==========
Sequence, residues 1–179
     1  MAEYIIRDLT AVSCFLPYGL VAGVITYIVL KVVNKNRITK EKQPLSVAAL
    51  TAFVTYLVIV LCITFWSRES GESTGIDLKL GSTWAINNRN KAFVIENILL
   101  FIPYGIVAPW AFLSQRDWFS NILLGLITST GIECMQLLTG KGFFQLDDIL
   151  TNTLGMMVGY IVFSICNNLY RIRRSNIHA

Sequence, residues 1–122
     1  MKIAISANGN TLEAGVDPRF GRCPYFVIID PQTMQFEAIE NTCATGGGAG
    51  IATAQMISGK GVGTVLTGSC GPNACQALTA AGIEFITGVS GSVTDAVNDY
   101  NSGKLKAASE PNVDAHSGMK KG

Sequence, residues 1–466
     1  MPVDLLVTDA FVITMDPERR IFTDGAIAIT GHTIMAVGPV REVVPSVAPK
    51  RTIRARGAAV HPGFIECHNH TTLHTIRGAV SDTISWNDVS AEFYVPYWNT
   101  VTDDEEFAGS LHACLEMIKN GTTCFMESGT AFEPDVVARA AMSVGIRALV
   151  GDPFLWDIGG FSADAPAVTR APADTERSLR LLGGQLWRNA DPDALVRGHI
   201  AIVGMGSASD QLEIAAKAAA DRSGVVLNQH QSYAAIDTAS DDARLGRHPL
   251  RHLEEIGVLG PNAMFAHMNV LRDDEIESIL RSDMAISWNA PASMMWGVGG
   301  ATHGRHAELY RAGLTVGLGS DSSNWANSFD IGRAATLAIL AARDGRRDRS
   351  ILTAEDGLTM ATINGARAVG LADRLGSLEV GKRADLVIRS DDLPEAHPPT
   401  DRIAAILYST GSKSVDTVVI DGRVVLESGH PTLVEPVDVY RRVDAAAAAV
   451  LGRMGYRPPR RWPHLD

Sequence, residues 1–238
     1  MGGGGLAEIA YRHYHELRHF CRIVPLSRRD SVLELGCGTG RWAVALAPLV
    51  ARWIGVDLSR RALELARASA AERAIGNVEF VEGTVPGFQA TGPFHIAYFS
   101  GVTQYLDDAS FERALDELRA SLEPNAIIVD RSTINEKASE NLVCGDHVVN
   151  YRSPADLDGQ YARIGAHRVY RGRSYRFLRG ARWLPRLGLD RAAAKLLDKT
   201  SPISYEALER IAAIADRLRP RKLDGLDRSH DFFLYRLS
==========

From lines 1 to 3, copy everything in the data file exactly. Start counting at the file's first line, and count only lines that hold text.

Sequence, residues 1–179
     1  MAEYIIRDLT AVSCFLPYGL VAGVITYIVL KVVNKNRITK EKQPLSVAAL
    51  TAFVTYLVIV LCITFWSRES GESTGIDLKL GSTWAINNRN KAFVIENILL